Extravasation of neonates revisited8626NPSA04526/02/2010 7:00:00 AMMedicationNational Health Service Commissioning Board (England and Wales)This signal provides good practice and guidance from local trusts to reduce risks of extravasation injury to neonates from intravenous fluid. 07/07/2015 9:21:38 AMhttp://www.patientsafetyinstitute.ca/en/NewsAlerts/Alerts/Lists/Alerts/AllItems.aspxFalse
Overdose of intravenous paracetamol in infants and children8627NPSA04729/10/2010 6:00:00 AMMedicationNational Health Service Commissioning Board (England and Wales)This signal address the risk of harm to infants and children from inadvertent overdose of intravenous paracetamol / acetaminophen and provides some actions to reduce risk. One patient safety incident is described whereby the healthcare provider intended to give a dose of paracetamol 10 mg/kg intravenously (IV) but gave 100 mg/kg instead. A doctor was summoned immediately and the overdose was treated. Treatment consisted of HDU (high dependency unit) level monitoring, acetylcysteine (Parvolex®) infusion and monitoring of blood tests. Contributing factors to paracetamol overdoses include: - lack of awareness amongst healthcare professionals of neonatal and paediatric drug dosage regimens; - patients receiving doses of paracetamol in both theatre and ward due to poor documentation; - human error relating to setting up infusion pumps to administer intravenous paracetamol (incorrect rate or incorrect/ no volume to be infused (VTBI)); - confusion between dosing regimens for oral and intravenous paracetamol with clinical staff believing they are interchangeable; - 10 times dose calculation errors in both the prescription and administration of intravenous paracetamol. Brief actions to reduce risk are provided and further guidance can be found on the MHRA Website. 07/07/2015 9:22:43 AMhttp://www.patientsafetyinstitute.ca/en/NewsAlerts/Alerts/Lists/Alerts/AllItems.aspxFalse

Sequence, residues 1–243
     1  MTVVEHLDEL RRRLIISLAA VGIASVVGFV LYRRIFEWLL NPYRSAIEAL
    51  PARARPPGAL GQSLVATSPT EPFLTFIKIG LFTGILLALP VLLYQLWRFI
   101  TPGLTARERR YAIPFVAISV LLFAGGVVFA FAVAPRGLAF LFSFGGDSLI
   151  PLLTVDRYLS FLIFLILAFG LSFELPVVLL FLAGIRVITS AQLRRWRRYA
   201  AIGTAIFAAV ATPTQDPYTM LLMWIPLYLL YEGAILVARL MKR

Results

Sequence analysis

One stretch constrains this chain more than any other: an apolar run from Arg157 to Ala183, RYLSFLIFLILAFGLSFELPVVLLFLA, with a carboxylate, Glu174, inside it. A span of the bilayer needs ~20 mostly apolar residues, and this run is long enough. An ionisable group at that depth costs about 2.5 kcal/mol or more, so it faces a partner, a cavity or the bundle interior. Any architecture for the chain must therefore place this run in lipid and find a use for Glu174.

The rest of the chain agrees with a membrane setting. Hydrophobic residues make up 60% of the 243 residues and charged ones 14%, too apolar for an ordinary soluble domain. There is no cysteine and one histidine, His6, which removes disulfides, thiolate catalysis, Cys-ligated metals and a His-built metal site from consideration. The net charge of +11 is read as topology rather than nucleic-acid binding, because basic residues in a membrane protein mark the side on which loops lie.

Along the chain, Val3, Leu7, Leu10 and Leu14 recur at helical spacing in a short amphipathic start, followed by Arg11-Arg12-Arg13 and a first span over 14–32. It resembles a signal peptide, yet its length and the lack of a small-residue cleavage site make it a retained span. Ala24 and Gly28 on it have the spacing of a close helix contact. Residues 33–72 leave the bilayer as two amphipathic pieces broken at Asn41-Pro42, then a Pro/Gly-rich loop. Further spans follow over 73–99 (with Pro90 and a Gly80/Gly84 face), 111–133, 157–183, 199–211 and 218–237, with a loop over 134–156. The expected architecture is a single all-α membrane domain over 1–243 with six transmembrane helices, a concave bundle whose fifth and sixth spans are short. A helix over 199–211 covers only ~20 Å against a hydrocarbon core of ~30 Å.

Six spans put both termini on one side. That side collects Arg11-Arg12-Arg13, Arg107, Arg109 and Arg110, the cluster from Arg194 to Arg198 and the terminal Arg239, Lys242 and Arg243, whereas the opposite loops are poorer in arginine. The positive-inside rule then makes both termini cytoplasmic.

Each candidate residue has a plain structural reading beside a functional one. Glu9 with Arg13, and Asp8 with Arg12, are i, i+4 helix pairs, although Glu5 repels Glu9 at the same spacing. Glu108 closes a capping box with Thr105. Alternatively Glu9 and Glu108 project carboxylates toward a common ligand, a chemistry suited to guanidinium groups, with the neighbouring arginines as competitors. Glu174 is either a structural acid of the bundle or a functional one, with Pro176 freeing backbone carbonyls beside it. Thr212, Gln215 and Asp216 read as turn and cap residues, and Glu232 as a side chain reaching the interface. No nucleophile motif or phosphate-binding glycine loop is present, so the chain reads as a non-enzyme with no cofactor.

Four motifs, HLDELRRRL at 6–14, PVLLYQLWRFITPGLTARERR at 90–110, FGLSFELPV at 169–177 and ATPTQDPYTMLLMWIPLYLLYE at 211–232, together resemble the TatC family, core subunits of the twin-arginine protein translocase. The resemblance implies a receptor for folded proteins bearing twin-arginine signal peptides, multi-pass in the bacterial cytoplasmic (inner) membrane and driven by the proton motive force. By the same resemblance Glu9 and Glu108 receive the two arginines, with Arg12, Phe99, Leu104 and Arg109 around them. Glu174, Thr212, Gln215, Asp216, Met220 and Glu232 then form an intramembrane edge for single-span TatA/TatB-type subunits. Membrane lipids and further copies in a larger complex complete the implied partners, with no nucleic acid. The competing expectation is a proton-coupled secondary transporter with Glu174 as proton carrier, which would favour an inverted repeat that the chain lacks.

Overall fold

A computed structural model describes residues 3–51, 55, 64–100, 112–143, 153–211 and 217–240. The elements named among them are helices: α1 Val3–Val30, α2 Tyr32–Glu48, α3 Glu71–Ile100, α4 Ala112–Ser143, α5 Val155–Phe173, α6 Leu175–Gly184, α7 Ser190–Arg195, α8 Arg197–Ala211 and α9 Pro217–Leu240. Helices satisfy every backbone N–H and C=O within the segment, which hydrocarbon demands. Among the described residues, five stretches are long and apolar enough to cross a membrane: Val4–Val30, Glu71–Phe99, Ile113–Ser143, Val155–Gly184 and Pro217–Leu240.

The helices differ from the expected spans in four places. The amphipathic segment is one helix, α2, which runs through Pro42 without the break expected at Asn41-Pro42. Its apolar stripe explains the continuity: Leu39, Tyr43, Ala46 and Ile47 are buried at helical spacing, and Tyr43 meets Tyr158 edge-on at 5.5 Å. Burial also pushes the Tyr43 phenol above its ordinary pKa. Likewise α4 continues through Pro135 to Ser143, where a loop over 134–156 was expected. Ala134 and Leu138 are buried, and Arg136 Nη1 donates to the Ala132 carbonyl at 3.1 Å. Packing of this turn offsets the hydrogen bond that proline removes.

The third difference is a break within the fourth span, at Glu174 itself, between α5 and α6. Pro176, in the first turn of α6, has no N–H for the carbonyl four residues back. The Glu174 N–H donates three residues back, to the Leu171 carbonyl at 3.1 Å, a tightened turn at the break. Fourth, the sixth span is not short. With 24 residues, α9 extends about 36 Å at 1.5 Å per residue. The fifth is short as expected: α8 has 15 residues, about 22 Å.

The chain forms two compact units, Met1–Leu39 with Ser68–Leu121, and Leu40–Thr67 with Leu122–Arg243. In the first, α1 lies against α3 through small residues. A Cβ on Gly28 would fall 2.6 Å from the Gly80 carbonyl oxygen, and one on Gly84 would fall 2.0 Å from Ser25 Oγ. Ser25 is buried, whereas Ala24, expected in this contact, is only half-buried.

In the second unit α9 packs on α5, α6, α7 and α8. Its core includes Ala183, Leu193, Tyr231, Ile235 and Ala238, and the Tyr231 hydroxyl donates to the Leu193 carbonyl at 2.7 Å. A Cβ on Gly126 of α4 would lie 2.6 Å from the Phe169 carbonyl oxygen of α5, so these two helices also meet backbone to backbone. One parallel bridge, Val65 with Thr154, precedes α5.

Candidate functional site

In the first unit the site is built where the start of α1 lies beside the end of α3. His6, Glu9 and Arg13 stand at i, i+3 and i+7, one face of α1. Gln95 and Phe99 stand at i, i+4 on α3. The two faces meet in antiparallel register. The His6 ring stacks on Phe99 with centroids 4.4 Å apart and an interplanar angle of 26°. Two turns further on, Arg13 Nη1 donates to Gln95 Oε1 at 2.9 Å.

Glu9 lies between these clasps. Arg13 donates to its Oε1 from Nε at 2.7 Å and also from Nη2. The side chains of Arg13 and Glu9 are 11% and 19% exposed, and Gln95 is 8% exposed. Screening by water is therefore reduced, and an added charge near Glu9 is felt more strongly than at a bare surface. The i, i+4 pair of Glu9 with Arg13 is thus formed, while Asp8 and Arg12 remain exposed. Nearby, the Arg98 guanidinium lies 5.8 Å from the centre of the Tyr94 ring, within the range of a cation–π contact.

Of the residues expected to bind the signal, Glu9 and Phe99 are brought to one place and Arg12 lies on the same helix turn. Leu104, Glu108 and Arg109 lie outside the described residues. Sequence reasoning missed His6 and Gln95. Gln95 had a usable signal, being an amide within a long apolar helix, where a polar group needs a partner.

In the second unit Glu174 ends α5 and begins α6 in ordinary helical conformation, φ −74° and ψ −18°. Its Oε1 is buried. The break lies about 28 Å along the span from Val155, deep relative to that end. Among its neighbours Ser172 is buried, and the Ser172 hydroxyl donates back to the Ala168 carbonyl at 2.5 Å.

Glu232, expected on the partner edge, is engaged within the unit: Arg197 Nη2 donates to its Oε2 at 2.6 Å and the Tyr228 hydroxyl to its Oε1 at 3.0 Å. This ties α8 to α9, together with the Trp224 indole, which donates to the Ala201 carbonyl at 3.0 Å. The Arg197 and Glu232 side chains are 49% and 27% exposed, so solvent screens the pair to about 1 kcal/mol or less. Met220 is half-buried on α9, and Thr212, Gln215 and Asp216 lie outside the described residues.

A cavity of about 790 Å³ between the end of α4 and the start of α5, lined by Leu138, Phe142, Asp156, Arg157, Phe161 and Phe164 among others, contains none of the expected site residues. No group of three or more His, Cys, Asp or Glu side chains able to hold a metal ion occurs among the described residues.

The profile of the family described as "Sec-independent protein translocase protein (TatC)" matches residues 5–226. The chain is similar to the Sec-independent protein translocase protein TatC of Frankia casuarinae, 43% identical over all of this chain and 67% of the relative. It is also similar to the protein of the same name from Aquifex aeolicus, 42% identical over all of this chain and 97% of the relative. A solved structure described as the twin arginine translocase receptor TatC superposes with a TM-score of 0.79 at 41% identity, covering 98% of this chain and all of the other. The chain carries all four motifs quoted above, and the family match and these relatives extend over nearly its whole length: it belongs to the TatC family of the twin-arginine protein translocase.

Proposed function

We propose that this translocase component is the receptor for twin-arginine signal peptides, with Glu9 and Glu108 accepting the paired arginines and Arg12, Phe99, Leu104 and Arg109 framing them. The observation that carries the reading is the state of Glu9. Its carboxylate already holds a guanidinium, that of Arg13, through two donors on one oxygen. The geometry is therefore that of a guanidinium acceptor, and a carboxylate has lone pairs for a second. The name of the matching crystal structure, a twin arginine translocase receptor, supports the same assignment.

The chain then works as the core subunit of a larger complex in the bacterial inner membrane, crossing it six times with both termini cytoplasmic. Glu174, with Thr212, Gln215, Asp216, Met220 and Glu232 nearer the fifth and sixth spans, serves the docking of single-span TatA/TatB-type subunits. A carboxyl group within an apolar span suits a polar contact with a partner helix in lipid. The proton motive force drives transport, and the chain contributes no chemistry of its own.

Preventing fatalities from medication loading doses8628NPSA04925/11/2010 7:00:00 AMMedicationNational Health Service Commissioning Board (England and Wales)This Rapid Response Report discusses patient safety incidents that have led to patient harm as a result of incorrect use of loading doses and/or subsequent maintenance regimens. The fatal and severe harm patient safety incidents that have occurred between 2005 and 2010 in the UK were as a result of incorrect doses, omitted or delayed administration or unintentional continuation of higher doses. Actions to reduce risk are provided.07/07/2015 9:22:43 AMhttp://www.patientsafetyinstitute.ca/en/NewsAlerts/Alerts/Lists/Alerts/AllItems.aspxFalse
Reducing harm from omitted and delayed medicines in hospital8629NPSA05424/02/2010 7:00:00 AMMedicationNational Health Service Commissioning Board (England and Wales)This Rapid Response Report outlines a recommended staged approach to the reduction of harm from omitted or delayed critical medicines once a patient is admitted to the hospital. This is a particular concern for patients with chronic conditions such as Parkinson's Disease or those with sepsis or pulmonary embolisms. The most common medications involved include anti-infectives (antibiotic and antifungals) and anticoagulants.07/07/2015 9:22:43 AMhttp://www.patientsafetyinstitute.ca/en/NewsAlerts/Alerts/Lists/Alerts/AllItems.aspxFalse